Why JPMorgan Chase CEO Jamie Dimon compares his bank to Netflix

In a bid to oppose the idea that banks have volatile financial results, JPMorgan Chase CEO Jamie Dimon says investors should think about his bank more like Netflix.

“We have a lot of subscription-like businesses,” he told Barron’s magazine in an interview published Monday. “The volatility of our results is very low over time — surprisingly in businesses like fixed-income trading, where a large chunk of the revenues are consistent year to year.”

The consistency comes from relatively stable businesses such as asset and wealth management and consumer banking, he told the news outlet.

Stocks for most sectors, such as technology and health care, climbed late last week.

But bond prices rose, pushing yields lower — a sign that the market is worried about slower economic growth. The yield on the 10-year Treasury fell to 2.08 percent from 2.12 percent on Thursday. That hurt banks, which rely on higher yields for profit from loan interest. Citigroup slid 1.2 percent.

JPMorgan stock closed at $109.13 per share on Friday. Meanwhile, the bank’s competitors, including Morgan Stanley and Citigroup, are only trading at about nine times their projected 2019 earnings, according to Barron's.

Dimon, 63, has been the head of the largest U.S. bank since 2006 and he plans to run it for at least another four years. When it comes to determining who will eventually replace him, he said that's up to the board.

Ticker Security Last Change Change %
JPM JPMORGAN CHASE & CO. 182.87 -12.37 -6.34%

“It’s a board decision,” Dimon said. “It’s discussed at every board meeting with and without me present. More than half of my senior direct reports are women and there are men and women on the operating committee who can run the company today. And more can run it in the years ahead.”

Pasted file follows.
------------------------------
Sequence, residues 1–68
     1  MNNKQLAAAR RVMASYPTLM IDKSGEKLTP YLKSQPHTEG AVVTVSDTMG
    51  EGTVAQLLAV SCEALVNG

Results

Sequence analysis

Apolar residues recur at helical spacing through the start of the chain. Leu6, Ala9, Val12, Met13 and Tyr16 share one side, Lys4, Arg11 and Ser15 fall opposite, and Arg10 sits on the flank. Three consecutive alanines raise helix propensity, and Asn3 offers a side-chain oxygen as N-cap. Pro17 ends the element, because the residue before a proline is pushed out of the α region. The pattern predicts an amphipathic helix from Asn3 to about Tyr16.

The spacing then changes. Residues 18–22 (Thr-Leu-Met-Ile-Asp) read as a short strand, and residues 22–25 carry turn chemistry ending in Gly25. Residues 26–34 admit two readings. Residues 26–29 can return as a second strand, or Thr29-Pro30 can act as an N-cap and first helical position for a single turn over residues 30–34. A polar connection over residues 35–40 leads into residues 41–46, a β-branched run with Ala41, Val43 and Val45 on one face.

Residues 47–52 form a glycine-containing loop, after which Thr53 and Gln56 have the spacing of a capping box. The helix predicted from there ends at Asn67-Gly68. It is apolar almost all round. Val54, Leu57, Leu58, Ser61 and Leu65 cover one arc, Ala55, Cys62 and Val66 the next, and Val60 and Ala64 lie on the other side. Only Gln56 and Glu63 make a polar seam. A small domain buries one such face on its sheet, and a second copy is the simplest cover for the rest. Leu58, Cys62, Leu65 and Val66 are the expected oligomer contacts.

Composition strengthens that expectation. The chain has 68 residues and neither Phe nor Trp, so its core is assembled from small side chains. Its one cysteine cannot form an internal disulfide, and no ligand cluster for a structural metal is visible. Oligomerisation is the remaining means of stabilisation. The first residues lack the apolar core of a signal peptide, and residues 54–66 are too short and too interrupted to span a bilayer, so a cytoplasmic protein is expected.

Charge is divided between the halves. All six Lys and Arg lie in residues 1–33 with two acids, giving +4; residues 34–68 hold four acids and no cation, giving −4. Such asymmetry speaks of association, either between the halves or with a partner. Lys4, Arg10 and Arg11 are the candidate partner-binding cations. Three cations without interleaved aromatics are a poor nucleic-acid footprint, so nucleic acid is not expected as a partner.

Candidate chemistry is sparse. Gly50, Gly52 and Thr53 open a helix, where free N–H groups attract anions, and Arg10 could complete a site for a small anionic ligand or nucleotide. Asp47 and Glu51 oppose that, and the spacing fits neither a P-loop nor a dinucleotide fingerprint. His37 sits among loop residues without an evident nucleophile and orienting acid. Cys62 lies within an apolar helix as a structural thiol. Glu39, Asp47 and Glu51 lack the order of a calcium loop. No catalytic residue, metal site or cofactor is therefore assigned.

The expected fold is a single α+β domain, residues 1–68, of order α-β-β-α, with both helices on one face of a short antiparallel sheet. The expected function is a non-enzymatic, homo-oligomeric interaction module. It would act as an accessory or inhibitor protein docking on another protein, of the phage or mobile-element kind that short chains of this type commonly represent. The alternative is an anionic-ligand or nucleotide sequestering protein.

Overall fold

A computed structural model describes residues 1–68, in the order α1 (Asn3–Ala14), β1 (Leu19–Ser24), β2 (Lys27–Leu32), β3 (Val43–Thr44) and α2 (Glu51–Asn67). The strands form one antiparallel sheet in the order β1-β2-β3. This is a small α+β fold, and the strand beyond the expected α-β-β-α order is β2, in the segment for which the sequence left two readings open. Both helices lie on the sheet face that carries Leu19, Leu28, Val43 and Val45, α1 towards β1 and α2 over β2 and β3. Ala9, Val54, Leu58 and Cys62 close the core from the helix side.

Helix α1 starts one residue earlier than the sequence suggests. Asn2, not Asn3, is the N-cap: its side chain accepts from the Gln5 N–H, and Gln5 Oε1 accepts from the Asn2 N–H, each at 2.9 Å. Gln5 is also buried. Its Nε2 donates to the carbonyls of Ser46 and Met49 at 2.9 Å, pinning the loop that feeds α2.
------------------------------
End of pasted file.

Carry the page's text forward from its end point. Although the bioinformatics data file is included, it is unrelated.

Earlier this year, Dimon tapped two senior women insiders — Marianne Lake and Jennifer Piepszak — as his possible successors.

“I am bursting with pride over those two,” Dimon previously told FOX Business’ Maria Bartiromo.

“It is very important, if you are on my board to say, you know, move people around, give them different experiences, seeing what they’re really good at.  And so ... so I think it is part of a succession plan that you would see us moving people around, trying something different,” he added.

JPMorgan leads the market in investment banking, credit cards and private banking, which Dimon said is where the bank can continue to build and grow. Another place for growth is in wealth management for multi-million dollar households. At the moment, the bank reportedly has only 1 percent of the market share.

“The macro environment doesn’t change what we do,” Dimon told Barron's. “We invest through the cycle. The underlying economy is still doing OK.”

As far as JPMorgan’s share price, Dimon added: “It’s build, build, build. Do right by your customers and communities, and the stock will take care of itself.”


In April, JPMorgan Chase reported record first-quarter profit, buoyed by higher interest rates and gains in the bank’s debt underwriting business.

The bank said in its release at the time that profit rose by 5 percent to $9.18 billion, or $2.65 per share, in the first quarter, beating analyst expectations of $2.35 per share. That’s up from $8.71 billion, or $2.37 per share, in the year-ago period.

Fox Business' Megan Henney, Henry Fernandez and The Associated Press contributed to this report.